People and organisations will only change if they are dissatisfied with their current situation. An alcoholic will only seek help if the pain of their condition outweighs the pleasure of the alcohol. Similarly a company will only change its strategy and focus if it is truly unhappy with its performance.
The problem for many companies is that dissatisfaction only becomes widespread and deep-rooted when the company is in decline. This can lead to panic measures and a long, painful and often unsuccessful attempt to reverse their fortunes. For example, it has taken three major changes in senior executives and over 5 years of effort for M&S to respond effectively to the threat of reliable, cheap fashion from retailers such as Asda, Primark and Next.
So how do you ensure that dissatisfaction is embedded throughout your team or company, even when performance is strong? In this week’s newsletter, I propose 5 ways for you to create a thirst for change in your business and avoid organisational complacency. As Andy Grove, CEO of Intel, famously said, “Only the paranoid survive.”
- Set targets that demand real change. When Jack Welch became CEO of General Electric he famously set a goal for all GE’s business units: “Become number one or two in every market we serve.” For the management teams of business units that were “in the pack” you can be sure that their approach to performance changed from incremental improvement to dramatic change overnight.
- Spend more (much more!) time with dissatisfied customers. Talking solely to your best customers can lead you to believe that all is well. Your most difficult customers will give you a different story and perspective. Jim Collins, in his book Good to Great, notes how US company Granite Rock goes even further. They use a system called “short pay” whereby dissatisfied customers simply circle the offending item on an invoice, deduct it from the total and pay for the balance. As CEO Bruce Woolpert said, “You can get a lot of information from customer surveys, but there are always ways of explaining the data. With short pay, you absolutely have to pay attention to the data.”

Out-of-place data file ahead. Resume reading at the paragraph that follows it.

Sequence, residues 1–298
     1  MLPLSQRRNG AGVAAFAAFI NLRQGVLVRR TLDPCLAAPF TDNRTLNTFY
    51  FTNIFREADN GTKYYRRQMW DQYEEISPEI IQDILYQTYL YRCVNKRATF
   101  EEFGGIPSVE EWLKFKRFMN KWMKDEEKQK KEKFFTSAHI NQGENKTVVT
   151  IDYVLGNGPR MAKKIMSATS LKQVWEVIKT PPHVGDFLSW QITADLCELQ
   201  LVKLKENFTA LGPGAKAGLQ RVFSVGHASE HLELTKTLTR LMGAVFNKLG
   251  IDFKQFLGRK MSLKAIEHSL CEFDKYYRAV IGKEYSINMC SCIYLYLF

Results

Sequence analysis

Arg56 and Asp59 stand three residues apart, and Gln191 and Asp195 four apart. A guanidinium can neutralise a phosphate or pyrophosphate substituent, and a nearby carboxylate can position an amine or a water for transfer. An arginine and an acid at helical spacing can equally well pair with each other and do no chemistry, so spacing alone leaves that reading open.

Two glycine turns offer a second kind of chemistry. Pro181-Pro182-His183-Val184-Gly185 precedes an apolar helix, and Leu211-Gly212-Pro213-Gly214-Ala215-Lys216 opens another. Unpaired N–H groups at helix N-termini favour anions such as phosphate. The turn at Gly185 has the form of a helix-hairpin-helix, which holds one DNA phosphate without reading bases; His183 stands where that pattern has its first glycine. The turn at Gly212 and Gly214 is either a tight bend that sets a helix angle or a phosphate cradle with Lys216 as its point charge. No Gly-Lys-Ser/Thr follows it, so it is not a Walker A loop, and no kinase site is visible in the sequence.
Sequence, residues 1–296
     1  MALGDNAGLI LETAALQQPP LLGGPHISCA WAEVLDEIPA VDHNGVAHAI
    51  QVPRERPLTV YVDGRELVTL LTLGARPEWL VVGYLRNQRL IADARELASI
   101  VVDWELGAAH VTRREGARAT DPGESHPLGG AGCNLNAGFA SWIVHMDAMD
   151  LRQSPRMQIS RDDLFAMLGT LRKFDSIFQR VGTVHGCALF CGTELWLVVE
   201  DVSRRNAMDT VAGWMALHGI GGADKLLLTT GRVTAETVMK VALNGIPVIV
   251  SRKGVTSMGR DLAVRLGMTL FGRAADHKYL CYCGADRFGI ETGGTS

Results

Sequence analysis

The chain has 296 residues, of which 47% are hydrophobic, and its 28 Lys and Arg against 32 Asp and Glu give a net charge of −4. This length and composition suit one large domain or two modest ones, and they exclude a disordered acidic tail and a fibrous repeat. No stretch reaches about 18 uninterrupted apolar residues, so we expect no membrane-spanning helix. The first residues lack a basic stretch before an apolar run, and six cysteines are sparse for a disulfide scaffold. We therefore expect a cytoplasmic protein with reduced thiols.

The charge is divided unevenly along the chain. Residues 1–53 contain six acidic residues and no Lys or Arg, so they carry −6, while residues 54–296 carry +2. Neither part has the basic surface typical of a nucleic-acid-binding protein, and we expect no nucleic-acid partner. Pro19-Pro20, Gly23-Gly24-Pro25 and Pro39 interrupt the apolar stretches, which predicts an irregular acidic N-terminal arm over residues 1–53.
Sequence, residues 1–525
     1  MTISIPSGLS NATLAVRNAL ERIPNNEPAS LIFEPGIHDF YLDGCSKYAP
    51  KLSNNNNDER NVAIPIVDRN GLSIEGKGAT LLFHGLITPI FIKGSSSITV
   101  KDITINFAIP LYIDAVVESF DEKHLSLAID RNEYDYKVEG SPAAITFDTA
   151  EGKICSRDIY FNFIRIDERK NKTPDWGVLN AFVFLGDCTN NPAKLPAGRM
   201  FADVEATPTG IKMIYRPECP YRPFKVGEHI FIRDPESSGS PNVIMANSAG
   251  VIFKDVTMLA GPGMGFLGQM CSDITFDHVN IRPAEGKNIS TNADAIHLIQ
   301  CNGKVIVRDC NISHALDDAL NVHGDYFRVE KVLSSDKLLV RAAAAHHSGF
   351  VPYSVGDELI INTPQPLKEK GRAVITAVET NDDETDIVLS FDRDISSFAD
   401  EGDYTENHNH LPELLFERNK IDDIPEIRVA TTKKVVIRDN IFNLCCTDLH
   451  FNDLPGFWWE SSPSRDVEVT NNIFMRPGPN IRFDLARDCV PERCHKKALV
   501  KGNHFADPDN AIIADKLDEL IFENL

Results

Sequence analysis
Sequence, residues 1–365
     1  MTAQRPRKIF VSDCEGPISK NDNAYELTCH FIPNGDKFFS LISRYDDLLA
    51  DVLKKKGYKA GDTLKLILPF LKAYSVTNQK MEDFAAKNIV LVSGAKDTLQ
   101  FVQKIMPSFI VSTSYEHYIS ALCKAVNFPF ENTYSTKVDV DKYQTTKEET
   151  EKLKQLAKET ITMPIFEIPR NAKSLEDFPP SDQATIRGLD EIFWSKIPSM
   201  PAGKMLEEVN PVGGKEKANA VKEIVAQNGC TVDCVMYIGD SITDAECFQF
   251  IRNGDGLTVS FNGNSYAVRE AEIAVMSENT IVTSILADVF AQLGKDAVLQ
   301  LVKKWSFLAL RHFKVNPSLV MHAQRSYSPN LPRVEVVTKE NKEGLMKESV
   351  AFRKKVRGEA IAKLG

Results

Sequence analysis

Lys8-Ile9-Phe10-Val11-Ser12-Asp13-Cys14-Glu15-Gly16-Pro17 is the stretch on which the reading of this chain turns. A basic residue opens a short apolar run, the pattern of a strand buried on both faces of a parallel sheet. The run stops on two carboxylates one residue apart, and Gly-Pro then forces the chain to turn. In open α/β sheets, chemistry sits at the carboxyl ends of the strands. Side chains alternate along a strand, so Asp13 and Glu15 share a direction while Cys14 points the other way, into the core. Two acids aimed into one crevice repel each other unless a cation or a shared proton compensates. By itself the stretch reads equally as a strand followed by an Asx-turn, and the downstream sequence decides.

- Ask questions, don’t give answers. Engaging your teams in dialogue and debate, rather than trying to have the answers requires your team to find the solutions themselves. Understanding performance issues without seeking blame enables everyone to try and find a better solution without defensiveness.
- Prioritise innovation ahead of customer feedback. For many successful companies the use of focus groups to test new ideas is the bedrock of decision making. Unfortunately focus groups do not tend to react positively to true breakthrough thinking – until it becomes embedded in the market (by your competitors!). Yet research shows that uniqueness is as important as customers’ purchase probability for the eventual success of any new business idea.
- Repeat daily in the mirror, “Nothing fails like success”. The one certainty of a successful strategy is that, at some point, it will fail. Of the 100 “best” companies of 1917, only 1 did better than average over the next 86 years. Changes in customer needs, technology advances and competitor approaches can all lead to dramatic changes in fortune. As technology advances gather pace so too the “life” of a successful strategy and business model shortens. Financial service giant, Charles Schwab, seek to change strategy every two years to stay ahead of the game!
The bottom line
Ensuring that there is real dissatisfaction across your business could be the key to your survival and ongoing success. Which of the five approaches will you adopt to raise break away from the status quo in your business?
To find out more contact Stuart by clicking here or call +44-(0)1636-526111.